AAJ: I know what you mean. A lot of young musicians are having a hard time finding opportunities to play in serious venues. There is an incredible amount of quality music being made, but it's a hard road for emerging musicians in Italy.

DK: I no longer think of myself as a young musician, and since starting to teach at Siena Jazz in 2016 I have done a lot of thinking about the path my career has taken, and how different it will be for young musicians attempting to break through today. I meet a lot of amazing young musicians in Siena, including a handful of musicians who are already deep into writing and producing outstanding records. The quality of projects among musicians in their mid-20s in Italy is growing at an incredible rate, but unfortunately artistic directors in Italy often seem totally oblivious, or in some cases they don't have the freedom or courage to take the risk of programming unknown artists. The result is that if you don't have someone with serious credibility to whisper your name in the ear of the people who matter, you're out of luck.

There is a gleam of hope in a handful of festivals and clubs in Italy who are working hard to create opportunities and visibility for new bands and less well-known musicians, and when this kind of project is well curated, there is definitely a positive response and a lot of curious young people come out to see shows. There's no shortage of interesting music being made, but promoting and programming it is not easy, and requires courage, intelligence and deep conviction on the part of organizers, as well as long-term support by sponsors and public funds.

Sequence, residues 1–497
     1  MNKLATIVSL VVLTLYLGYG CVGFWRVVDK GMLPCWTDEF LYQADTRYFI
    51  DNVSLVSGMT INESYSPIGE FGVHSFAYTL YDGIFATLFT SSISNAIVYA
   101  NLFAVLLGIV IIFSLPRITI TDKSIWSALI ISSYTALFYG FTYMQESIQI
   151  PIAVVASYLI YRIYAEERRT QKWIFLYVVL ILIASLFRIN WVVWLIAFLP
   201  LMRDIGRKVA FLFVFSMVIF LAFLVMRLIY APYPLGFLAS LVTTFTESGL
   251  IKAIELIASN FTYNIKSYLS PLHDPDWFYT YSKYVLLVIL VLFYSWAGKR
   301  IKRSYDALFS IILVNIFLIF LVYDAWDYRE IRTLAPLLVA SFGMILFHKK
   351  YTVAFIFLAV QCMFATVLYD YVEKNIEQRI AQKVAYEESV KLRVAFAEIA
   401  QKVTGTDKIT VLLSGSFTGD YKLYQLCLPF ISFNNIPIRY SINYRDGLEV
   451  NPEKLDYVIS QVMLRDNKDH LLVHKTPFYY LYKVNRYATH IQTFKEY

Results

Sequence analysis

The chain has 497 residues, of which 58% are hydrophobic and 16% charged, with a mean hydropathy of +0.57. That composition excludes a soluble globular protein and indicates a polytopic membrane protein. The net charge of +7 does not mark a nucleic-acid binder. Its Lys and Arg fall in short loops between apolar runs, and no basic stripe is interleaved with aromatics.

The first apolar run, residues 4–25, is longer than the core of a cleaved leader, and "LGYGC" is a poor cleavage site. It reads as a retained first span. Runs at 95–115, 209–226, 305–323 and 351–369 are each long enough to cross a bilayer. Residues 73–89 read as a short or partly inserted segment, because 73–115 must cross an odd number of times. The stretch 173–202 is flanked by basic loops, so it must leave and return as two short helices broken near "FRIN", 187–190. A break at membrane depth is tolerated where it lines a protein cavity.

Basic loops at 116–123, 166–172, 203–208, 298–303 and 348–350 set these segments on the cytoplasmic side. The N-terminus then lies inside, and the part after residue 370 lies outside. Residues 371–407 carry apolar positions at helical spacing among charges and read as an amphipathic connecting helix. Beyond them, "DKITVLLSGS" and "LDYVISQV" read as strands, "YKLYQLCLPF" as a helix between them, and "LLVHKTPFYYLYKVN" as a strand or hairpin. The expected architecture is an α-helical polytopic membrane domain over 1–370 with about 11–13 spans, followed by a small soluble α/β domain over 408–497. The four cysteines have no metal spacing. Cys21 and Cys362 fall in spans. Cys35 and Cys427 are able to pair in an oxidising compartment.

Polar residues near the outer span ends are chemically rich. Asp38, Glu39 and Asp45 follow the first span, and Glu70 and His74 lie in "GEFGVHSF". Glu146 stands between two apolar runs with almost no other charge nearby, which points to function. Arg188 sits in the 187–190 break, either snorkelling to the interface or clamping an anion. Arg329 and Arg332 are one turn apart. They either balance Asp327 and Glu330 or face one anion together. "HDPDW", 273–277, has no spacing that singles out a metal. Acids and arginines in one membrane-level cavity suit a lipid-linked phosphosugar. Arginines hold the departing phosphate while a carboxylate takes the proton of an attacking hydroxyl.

I am hopeful that the more cautious or traditional festivals (which, unfortunately, are often the biggest and most 'important' ones) will take note of the groundswell which is happening among some of the more adventurous venues and begin programming younger bands. In my opinion, this is the only hope that we have to gain traction with a younger and more vital audience and regain cultural relevancy.

In the long term, I hope that Italy will invest some serious resources in promoting Italian jazz abroad. Italy has always had plenty of great musicians, but the error in the past has been to promote a tiny handful of the most famous ones, leaving emerging musicians in the cold. This means the vast and active underground remains completely under the radar for most Italians, and for almost all concert programmers around the globe. An excellent example of how this can be done well is Norway, which (to my knowledge) supports emerging bands with tour funding, while commercially successful artists are expected to be self-sufficient.

Unfortunately this tendency to push big names rather than cultivate a plurality of projects and musical directions has a long tradition within Italy as well. There is a lot that could be done to promote critical listening and audience development, but this is work for organizers, artistic directors and promoters, and it takes time and courage. There is so much happening in Italy right now, but nobody knows because most organizers and programmers seem to be following an old model: this can be pretty frustrating to watch, although some things do seem to be changing in recent years.

AAJ: Indeed, it seems like the most common strategy for festivals in Italy is to push one big name in the hope of drawing a huge audience, but this is a dangerous practice. Listeners already know the artist, and thus arrive expecting to receive a known musical product, which they will then compare to their musical expectations. This seems more appropriate in the field of pop music, and the result is a gradual decay in critical listening and the audience's openness and desire for surprise, as well as a loss of interest and apathy on the part of listeners who do want to be stimulated and surprised. But to return to your own work, you explained how you arrived in Italy, but you haven't explained why after living your whole life in the birthplace of jazz, you now find yourself living and working in a country where jazz arrived much more recently and doesn't have a particularly central role. Do you ever regret your decision?